But there it is: a group of 30 People of Color, mostly lesbian women and a couple of transfolk (I also believe there are two or three straight women who talk about being straight in a majority lesbian environment) talking amongst themselves. Talking about gender and the “definition” of woman, talking about coming out, talking about the intersection of race and gender, and all of it to each other, with each other, about each other. It shows not only the complexity and differences among the supposed monolithic horde of “you people” but is also a chronicle of community and the way we form it around ourselves.

Go check out U People even if you don’t think you’ll learn anything from it because it is a touching, smart and funny documentary that shows a segment of society so exceedingly overlooked by the mainstream.

Even leaving aside the personal connection I feel to this documentary despite not being a lesbian - because in so many ways these are the women I grew up around and connect with very well - it’s an amazing film. Now if only I could see black./womyn.:conversations sometime soon. 

We Don’t Get This.

So while I was rejuvenating last week and re-finding inspiration and all that hippy-dippy shit I saw something that made me angry. It was this:

Now let’s ignore for the moment that this latest in the way too long line of “Seth-Roganesque/40-Year-Old-Virgin/SuperBad/socially-awkward-boy-meets-beautiful-intelligent-articulate-girl-who somehow-falls-for-his-dumbass/storyline-that-was-already-done-and-done-better-in-the-eighties/just-playing-to-socially-awkward-guys-who-live-in-their-parents-basement-to-try-and-convince-them-that-no-really-totally-smart-funny-with-it-girls-are-just-waiting-for-you-to-drag-them-to-the-depths-of-mediocrity-really-would-we-lie?” films shows that we’ve reached a point where even the illusion of diversity is totally unnecessary. Watch that trailer. Try to spot a Person of Color anywhere in the cast or background. I saw it 20 times this past week and I couldn’t see one but I might have missed it, so please let me know if you spot one because it seems to me as if there are no People of Color in that weird pastiche of the 70s/80s/90s these movies are all set in. Okay *deep breath* leaving that behind. What really annoys and angers me about these films is that People of Color don’t get to have these narratives.

We don’t get to have the fun summer of growing up film, we don’t get to show our childhoods on screen unless they are somehow tragic. In discussing this with one of my housemates she said the closest film she can think of is Roll Bounce - I’ve never seen it (How many of you have? Or even heard of it? I remember hearing a little bit of something and then it was gone like a whisper in a wind storm) but from what she told me about it it does sound like what I mean. Now obviously that means that sometimes the story does get lit for production, one could maybe argue that Love Don’t Cost A Thing (a remake of 80′s Can’t Buy Me Love) fits the mold as well. But overall the stories of Youths of Color tends to center on Boyz In The Hood  or Hustle & Flow where the story can be about how bad the ghetto is and how hard it is to try and rise above that and we almost inevitably end up dead or right back where we started thereby allowing the audience to feel sympathy for us and at the same time not have to deal with the idea of relating with a Person of Color on an equal level.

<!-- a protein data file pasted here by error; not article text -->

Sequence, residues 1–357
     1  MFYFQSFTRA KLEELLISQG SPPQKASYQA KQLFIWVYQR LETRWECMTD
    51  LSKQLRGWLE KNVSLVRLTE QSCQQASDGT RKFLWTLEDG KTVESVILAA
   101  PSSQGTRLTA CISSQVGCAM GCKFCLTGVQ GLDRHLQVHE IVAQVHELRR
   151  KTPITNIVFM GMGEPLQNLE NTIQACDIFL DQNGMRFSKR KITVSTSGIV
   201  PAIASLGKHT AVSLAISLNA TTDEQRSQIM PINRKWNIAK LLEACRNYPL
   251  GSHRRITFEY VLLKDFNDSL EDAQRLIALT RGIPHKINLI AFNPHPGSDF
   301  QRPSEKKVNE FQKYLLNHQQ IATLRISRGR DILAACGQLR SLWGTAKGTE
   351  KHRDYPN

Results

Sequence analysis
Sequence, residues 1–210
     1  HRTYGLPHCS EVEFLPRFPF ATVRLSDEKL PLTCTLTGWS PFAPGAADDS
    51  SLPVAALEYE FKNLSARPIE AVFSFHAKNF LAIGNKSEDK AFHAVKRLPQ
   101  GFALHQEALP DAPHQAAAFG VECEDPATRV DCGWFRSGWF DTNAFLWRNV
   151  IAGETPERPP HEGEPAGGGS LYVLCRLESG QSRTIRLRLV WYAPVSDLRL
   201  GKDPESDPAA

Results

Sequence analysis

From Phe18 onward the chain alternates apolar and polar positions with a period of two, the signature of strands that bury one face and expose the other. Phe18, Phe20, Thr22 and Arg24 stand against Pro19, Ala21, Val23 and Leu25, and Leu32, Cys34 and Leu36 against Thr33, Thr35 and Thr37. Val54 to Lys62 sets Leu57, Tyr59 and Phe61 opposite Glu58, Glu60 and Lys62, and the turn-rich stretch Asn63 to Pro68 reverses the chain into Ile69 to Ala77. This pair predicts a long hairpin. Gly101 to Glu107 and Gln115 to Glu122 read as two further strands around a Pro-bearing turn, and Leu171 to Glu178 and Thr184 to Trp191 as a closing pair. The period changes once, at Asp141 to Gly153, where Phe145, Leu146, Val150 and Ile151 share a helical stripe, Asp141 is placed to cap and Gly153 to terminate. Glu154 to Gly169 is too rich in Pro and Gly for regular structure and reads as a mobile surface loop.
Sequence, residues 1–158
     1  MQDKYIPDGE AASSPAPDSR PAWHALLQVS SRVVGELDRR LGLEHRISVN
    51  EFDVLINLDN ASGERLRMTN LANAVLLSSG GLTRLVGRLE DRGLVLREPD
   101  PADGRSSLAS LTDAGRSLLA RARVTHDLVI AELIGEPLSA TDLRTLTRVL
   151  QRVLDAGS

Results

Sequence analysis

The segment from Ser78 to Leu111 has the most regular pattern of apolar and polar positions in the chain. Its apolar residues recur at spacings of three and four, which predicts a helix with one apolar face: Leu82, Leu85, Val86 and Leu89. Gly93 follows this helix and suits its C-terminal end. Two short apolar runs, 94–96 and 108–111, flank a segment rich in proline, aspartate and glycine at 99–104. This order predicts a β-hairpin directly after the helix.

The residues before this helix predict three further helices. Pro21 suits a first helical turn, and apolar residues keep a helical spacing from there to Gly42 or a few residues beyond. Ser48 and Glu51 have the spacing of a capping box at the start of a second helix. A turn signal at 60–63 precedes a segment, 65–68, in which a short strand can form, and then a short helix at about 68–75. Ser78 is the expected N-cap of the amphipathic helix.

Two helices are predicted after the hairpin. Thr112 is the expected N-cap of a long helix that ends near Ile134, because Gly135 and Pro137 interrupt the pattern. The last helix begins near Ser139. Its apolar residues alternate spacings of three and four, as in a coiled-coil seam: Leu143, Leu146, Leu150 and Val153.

(In this one there’s at least a couple of Asian side characters)

And it’s not that the story of the ghetto and the particular intersection of  -isms that result in ghettos don’t need to be explored or aren’t true for some people but that should not be the only stories we get. I want the wild night out story of our own. I want to see the spectrum of People of Color experience on the silver screen. I want to be able to see a film that has the growing up story of a young middle class Latina girl, one where she’s not sexually assaulted, abused, arrested, demonized. I want to see a movie with an all Asian cast but that’s not about overachieving drug dealers (Better Luck Tomorrow) hell we can’t even get an Asian cast when the actual people the story is based on are Asian (21).

Now one could argue there’s no market for these films but that’s a massive oversimplification that ignores the critical and box office success of such films as Waiting To Exhale, Eat Drink Man Woman, Harold & Kumar, Soul Food, Like Water For Chocolate and Independence Day. Now the last may seem like a stretch from what I’m talking about but it fits as well because when I say “We Don’t Get This.” I’m not only talking about the frat-boyish/awkward-teen/buddy-buddy movie genre. I’m talking about the fact that we don’t get a huge diversity of characters so to have a Sci-Fi film where the two heroes are and African-American man and a Jewish man was a huge deal. In all of the movies I list Actors of Color were allowed to play roles that are usually not written  for them and they received praise for their portrayals.

So why don’t we see more films like those?

Because audiences are taught not to expect anything but tragedy from films featuring People of Color. We are conditioned by society in general and media depictions specifically to accept that People of Color can only fall into one of two roles, the ridiculous sidekick or the tragic hero who dies winning/lives on without any changed circumstances/without fulfilling their dream. Even when we prove that stories about us can be hits, that we can be a box office draw it doesn’t seem to open the door for other films that stretch the perceptions of People of Color. It doesn’t get us our own Sleepless in Seattle or When Harry Met Sally. We still get the occasional non-sterotypical role green-lit but it doesn’t happen that often and when it does happen it rarely gets the promotion or press coverage that it deserves. Yet, I could not turn around without seeing a commercial for the hot-crap-on-screen that is Adventureland.